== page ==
|Year : 2001 | Volume
| Issue : 1 | Page : 29--32
Retained intracranial splinters : a follow up study in survivors of low intensity military conflicts.
Department of Neurosurgery, Command Hospital (CC), Lucknow - 226002, India., India
With improvements in the ballistic physics, patient evacuation, imaging, neurosurgical management and intensive care facilities, there has been overall improvement in the survival of patients with missile injuries of the brain. Patients with retained intracranial fragments have been followed up and the sequelae of such fragments were analysed. We present our observations in 43 such patients who had survived low velocity missile injuries of the brain during military conflicts and had retained intracranial fragments. Over a follow up period of 2 to 7 years, suppurative sequelae (brain abscess, recurrent meningitis) were seen in 6 patients, two of these progressing to formation of brain abscess. Three patients developed hydrocephalus and one seizures. Patients with orbitocranial or faciocranial wound of entry had a higher incidence of suppurative complications (3 out of 4), while those with skull vault entry had a lower incidence of such sequelae (7 out of 30). Nine patients were lost to follow up. Other determinants of suppurative complications were postoperative CSF leak and intraventricular lodgement of the fragment.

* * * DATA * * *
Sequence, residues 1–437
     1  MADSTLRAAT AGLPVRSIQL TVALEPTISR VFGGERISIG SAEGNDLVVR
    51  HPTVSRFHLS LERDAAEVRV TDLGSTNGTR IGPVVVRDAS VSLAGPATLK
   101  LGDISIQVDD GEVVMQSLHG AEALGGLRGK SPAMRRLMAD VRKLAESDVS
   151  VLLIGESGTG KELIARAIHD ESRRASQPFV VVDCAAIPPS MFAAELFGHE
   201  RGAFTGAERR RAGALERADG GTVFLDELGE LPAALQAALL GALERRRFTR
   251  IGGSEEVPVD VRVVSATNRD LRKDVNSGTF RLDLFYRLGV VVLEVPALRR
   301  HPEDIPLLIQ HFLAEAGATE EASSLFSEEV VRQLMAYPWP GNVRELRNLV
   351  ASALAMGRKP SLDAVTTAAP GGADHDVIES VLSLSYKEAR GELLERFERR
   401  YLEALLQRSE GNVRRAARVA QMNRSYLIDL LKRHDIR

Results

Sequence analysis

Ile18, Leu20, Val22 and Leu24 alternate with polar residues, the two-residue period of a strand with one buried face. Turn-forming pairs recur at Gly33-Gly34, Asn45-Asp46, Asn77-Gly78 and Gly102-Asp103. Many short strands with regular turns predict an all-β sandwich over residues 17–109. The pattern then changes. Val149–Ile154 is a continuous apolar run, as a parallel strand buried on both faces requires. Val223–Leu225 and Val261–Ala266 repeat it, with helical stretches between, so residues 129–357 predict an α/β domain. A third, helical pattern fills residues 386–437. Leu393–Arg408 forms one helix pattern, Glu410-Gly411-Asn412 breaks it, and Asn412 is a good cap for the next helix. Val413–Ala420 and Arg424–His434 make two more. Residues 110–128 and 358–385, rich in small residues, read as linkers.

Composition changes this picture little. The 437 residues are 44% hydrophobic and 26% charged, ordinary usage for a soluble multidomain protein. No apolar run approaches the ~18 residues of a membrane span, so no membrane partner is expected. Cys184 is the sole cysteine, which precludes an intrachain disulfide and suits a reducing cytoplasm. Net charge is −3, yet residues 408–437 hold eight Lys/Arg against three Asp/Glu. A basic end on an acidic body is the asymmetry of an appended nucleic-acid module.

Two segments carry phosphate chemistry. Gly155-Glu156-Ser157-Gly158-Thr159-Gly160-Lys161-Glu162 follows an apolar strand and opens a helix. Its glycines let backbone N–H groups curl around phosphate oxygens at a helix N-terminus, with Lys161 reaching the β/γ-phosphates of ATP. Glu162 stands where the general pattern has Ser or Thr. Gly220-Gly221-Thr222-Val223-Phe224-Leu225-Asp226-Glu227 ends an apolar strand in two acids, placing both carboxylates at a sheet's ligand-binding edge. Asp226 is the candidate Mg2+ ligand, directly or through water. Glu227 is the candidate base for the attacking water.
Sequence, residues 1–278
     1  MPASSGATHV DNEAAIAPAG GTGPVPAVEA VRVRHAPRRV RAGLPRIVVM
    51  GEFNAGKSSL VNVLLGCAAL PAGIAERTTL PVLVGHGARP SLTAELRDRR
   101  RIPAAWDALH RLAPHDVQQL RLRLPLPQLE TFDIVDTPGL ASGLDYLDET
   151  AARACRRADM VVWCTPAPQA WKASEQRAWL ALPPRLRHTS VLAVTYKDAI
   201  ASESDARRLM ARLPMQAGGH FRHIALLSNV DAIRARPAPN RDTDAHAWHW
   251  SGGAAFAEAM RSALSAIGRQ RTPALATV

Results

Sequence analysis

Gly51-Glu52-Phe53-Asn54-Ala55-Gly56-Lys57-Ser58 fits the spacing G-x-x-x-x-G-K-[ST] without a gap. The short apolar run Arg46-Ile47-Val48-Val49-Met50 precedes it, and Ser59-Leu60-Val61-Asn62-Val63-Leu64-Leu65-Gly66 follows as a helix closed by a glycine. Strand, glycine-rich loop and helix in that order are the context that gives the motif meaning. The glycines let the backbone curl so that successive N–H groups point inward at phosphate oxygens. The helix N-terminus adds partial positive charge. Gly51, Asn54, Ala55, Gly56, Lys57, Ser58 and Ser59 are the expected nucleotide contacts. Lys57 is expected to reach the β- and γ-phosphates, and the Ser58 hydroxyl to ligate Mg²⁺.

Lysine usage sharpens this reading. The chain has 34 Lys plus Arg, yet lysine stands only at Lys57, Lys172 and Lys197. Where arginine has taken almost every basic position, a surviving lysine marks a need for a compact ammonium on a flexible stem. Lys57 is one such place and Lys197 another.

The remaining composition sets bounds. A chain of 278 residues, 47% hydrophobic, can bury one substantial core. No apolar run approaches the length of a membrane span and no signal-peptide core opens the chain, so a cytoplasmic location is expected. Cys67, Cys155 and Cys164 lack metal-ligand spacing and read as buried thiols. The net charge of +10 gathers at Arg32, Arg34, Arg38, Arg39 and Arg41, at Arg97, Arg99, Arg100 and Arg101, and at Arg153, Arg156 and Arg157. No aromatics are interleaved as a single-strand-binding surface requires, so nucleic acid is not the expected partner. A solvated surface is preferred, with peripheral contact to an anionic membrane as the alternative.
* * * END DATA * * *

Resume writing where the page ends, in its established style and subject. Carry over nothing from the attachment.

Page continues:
H S Bhatoe
Department of Neurosurgery, Command Hospital (CC), Lucknow - 226002, India.
Source of Support: None, Conflict of Interest: None
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